07/25/2014 06:13 pm ET Updated Dec 06, 2017

When I Took Off My Rose-Colored Glasses

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On Monday, I cut a rose from my garden and put it in a glass bottle beside my desk. I used to wear rose-colored glasses and believed everyone was generally nice with occasional rough days. But then my sanity required that I see truth, which meant I had to take off my rose-colored glasses.


I'm working on coming to terms with a new worldview that isn't all pretty. It's full of good guys, bad guys and ones that are both (these are the ones that can really mess with your mind). This new worldview is sobering, and I worry that without my rose-colored glasses, I'll end up a bitter, negative, winey, mopey old woman. This is why I decided to start my week with rose-colored glasses off and a rose beside my desk.

By late Monday, I could see that my new officemate was particularly quiet but had a sweetness I appreciated immediately. I liked having her there.

On Tuesday, the rose started to open up. I watched her stretch and change. She didn't stay closed in or tight. She was willing to keep unfolding and opening.


Later that day, I reached for a pen in a cup behind the rose and my hand brushed against thorns. I was unaccustomed to the space beside my desk being occupied. "Cool," I thought, "This gal's got boundaries." The rose knew her job was to blossom and no careless hand was going to topple her over.


At the end of the day, I read world news online. The rose's scent reminded me that there was sweetness in the world.


On Wednesday, the rose was in full bloom. As the morning sun came into my office, I watched her petals fill with sunlight. I savored folds of light and shadow that played throughout her petals. She was showing me the beauty of her complexity and how to stand tall in the light.


That same afternoon I had a phone call with an old friend of mine whose husband is declining. When I got off the phone, I sat in the reading chair in my office and felt helpless and sad. But the rose was there. Her presence mattered. She reduced my feeling of being alone. I hoped that I was able to offer this witnessing to my friend and that my friend felt less alone. Sometimes that's all we can do for someone, and it can mean a lot.


On Thursday, the leaf on the rose curved down and touched my desk, and I felt as though somehow we were girls on the playground holding hands and in it together, whatever "it" was. I imagined she and I had a secret club and made a pact to show up and add a little something beautiful to the world. I try to do it with words. And well, she's a rose.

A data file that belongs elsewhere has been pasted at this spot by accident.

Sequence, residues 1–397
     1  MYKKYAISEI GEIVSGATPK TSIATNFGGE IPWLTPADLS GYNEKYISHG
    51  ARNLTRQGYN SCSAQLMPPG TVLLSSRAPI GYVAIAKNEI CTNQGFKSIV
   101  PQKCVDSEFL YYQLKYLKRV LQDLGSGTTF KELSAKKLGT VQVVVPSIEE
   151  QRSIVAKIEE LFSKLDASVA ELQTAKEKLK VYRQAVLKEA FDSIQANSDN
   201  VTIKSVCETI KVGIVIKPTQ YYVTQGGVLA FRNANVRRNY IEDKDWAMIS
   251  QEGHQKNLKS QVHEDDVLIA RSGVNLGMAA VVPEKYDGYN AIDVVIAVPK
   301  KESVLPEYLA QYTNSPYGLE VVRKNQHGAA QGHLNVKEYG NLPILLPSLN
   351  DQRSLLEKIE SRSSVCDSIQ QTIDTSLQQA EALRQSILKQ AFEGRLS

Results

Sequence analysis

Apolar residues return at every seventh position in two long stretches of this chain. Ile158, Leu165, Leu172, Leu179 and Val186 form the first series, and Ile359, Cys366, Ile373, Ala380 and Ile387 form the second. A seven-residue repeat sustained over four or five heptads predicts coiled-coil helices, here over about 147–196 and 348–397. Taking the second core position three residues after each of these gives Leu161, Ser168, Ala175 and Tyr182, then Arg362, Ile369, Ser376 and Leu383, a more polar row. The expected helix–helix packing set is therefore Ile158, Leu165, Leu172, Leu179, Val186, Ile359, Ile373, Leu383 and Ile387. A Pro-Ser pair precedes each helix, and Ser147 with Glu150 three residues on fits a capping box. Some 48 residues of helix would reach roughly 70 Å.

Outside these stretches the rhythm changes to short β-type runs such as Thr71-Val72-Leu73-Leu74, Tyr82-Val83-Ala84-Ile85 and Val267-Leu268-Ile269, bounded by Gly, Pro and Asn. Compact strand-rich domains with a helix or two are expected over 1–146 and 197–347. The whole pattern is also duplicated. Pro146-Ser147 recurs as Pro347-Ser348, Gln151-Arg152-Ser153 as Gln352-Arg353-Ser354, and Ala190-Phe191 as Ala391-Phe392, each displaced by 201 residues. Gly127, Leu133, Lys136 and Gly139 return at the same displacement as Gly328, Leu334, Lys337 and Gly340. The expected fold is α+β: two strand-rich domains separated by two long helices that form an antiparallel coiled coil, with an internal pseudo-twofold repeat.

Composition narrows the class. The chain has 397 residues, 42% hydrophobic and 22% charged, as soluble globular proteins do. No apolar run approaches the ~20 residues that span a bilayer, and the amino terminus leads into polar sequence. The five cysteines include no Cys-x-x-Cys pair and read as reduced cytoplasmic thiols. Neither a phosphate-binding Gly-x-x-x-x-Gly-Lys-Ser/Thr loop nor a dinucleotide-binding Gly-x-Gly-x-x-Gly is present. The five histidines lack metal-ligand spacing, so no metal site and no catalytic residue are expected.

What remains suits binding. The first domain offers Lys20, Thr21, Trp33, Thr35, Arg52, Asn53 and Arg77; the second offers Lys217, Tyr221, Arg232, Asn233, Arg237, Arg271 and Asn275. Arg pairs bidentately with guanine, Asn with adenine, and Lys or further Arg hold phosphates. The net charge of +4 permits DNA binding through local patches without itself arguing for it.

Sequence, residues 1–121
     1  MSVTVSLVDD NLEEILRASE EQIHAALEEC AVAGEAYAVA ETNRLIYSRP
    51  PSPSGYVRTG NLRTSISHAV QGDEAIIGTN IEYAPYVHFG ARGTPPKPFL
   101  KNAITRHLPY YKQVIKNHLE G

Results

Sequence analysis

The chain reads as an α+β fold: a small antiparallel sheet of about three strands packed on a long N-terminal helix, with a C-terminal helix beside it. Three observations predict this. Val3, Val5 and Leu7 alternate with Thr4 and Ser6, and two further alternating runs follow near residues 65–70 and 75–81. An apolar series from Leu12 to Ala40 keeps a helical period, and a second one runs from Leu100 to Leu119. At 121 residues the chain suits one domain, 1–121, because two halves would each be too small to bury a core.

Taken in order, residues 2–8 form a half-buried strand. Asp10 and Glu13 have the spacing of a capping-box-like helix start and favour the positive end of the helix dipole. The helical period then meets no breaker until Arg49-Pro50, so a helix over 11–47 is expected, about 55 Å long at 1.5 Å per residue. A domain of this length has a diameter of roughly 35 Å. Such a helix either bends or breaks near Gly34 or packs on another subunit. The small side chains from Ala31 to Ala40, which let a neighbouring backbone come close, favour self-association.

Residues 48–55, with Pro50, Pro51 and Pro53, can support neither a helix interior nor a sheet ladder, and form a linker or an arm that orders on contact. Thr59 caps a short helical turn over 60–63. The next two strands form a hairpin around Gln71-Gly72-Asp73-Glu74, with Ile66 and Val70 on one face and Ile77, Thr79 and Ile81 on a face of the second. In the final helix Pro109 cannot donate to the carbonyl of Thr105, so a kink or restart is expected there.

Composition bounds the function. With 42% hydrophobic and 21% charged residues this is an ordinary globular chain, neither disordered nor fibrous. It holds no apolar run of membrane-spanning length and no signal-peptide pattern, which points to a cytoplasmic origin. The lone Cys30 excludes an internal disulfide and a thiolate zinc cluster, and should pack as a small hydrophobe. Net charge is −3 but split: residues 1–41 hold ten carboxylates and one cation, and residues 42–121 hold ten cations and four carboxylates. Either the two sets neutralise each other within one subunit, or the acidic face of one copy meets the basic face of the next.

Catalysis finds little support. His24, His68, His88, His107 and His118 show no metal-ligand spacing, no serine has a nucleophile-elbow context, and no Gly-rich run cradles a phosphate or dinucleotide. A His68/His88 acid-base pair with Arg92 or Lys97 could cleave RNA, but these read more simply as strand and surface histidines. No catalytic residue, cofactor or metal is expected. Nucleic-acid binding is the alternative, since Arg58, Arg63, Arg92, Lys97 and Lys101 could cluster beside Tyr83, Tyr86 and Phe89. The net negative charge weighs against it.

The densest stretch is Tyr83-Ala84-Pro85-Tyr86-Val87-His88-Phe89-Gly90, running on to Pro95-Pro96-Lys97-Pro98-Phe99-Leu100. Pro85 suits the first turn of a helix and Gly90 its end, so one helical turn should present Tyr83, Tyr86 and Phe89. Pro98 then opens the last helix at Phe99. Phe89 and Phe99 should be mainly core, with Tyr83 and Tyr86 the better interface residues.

With the leaf resting on my desk, I admired how healthy and green her leaves were. Earlier in the summer, I went to war with an invading rust disease that turned her leaves yellow and spotted and threatened to kill her. Every morning, I walked out to the roses in my PJs and plucked infected leaves. To get rid of the invasion, I had to remove all of the leaves on a particular stalk. "They will grow back healthy," I told myself as I stripped most of the plant bare.

I also mixed coffee grounds in the soil to see if changing its acidity would make the environment less habitable for the rust. The combination of soil change and consistent and aggressive pruning worked. Two months later, new buds and leaves were popping out all over.


By Friday, I liked my new officemate. I looked for her every time I entered the room. But the rose was starting to droop. She was wilting towards the weekend, and I had to agree with her that I'd also given my best earlier in the week.

I looked at the rose and said, "Thank goodness it's Friday." She dipped her head in agreement. Late in the afternoon, a petal fell on my to-do list and I laughed. It was as if she had dropped a surrender flag and was saying, "Enough. We've done enough." Her gesture helped me drop my working self and rest.

I learned a lot from having a rose beside me all week. With my rose-colored glasses off and my eyes wide open, I made time to see the good in life. I reminded myself that there is tenderness and to create it. I remembered that I have thorns and to use them when needed. And I told myself again and again that it is my job to stand tall in the light.



Kathleen Buckstaff is the author of two books that celebrate life and motherhood:Mother Advice To Take With You To College, a collection of hilarious drawings and wise sayings, and The Tiffany Box: A Memoir, an International Best Book Awards Finalist, a true story told through emails and letters about the last two years of Kathleen's mother's life.